Hernandez has been in the eye of big-race hype before, but there is no buildup that quite compares with being attached to an unbeaten, graded stakes-winning 3-year-old about to take his first step on the Kentucky Derby trail. As the regular rider for Janis Whitham’s homebred colt McCraken, the 2-1 morning-line favorite for Saturday’s Sam F. Davis Stakes (G3) at Tampa Bay Downs, Hernandez could find his current groundswell of momentum dwarfed by what could come should his Ian Wilkes-trained mount prevail in his seasonal debut.

When Hernandez guided McCraken to victory in the Kentucky Jockey Club Stakes (G2) at Churchill Downs Nov. 26, it locked the son of Ghostzapper   in as a sophomore to watch for 2017 and sealed the best season for his jockey since he steered Fort Larned  —another Wilkes-trained, Whitham homebred—to victory in the 2012 Breeders’ Cup Classic (G1). The $7,791,059 in earnings Hernandez amassed in 2016 was second only to his career-best total of $8,034,048 four years earlier.

WINCZE HUGHES: McCraken the Real Deal in KY Jockey Club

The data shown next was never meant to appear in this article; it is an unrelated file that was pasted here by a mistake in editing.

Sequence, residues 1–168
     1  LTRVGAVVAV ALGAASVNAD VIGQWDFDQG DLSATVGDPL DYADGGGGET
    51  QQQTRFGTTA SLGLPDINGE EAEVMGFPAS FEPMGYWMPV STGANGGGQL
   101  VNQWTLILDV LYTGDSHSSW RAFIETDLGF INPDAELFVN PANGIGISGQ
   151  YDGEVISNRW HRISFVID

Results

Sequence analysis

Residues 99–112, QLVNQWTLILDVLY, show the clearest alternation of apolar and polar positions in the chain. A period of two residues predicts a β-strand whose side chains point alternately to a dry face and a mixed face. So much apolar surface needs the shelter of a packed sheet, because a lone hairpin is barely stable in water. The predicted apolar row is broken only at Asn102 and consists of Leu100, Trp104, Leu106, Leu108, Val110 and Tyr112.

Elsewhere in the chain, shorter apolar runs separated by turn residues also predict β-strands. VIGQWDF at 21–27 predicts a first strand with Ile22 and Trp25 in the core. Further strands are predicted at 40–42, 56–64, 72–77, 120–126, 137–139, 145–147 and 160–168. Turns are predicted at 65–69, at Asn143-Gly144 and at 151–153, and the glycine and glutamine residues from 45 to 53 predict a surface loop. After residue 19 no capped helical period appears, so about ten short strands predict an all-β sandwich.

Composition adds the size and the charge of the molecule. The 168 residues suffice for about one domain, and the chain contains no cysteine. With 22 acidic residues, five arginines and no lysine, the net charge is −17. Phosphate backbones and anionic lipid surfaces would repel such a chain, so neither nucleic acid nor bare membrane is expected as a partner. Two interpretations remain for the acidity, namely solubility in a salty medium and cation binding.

The Kentucky Club Jockey Club triumph capped off a whirlwind stretch that saw the Louisiana native win three graded stakes in as many days. The other victories came aboard Thatcher Street in the Nov. 24 River City Handicap (G3T) and Linda in the Nov. 25 Mrs. Revere Stakes (G2T).

“You know, it just kind of snowballed,” Hernandez said of 2016. “Last year was one of the first years where I had multiple really good horses and won multiple graded races, and the momentum just kept building. Even last May, I was getting on a lot more 2-year-olds than I normally do.

“We had a really big year with the 2-year-olds and some of the older horses I had been riding, they kind of stepped up and won a couple graded races. … And to have the owners put the confidence in me to ride their better horses, it helps a lot and that’s the biggest thing.”

Hernandez’s ability has long been acknowledged as a solid presence on the Louisiana and Kentucky circuits, not that anyone could ignore him much after he racked up 243 wins during his Eclipse Award-winning season. It often takes a fortuitous pairing for an upstart jockey to gain access to that next, elite level, however. Appropriately enough, Hernandez cites his association with Fort Larned as that catalyst.

He gained the mount on the future multiple grade 1 winner in the 2012 Prairie Meadows Cornhusker Handicap (G3), when the colt’s previous rider, Julien Leparoux, was committed to pilot Successful Dan in the same spot. The chemistry was instant as Hernandez booted Fort Larned to victory both that day and during his subsequent start in the Whitney Invitational Handicap (G1) in the run-up to their Breeders’ Cup heroics.

MITCHELL: Fort Larned Wins Thrilling BC Classic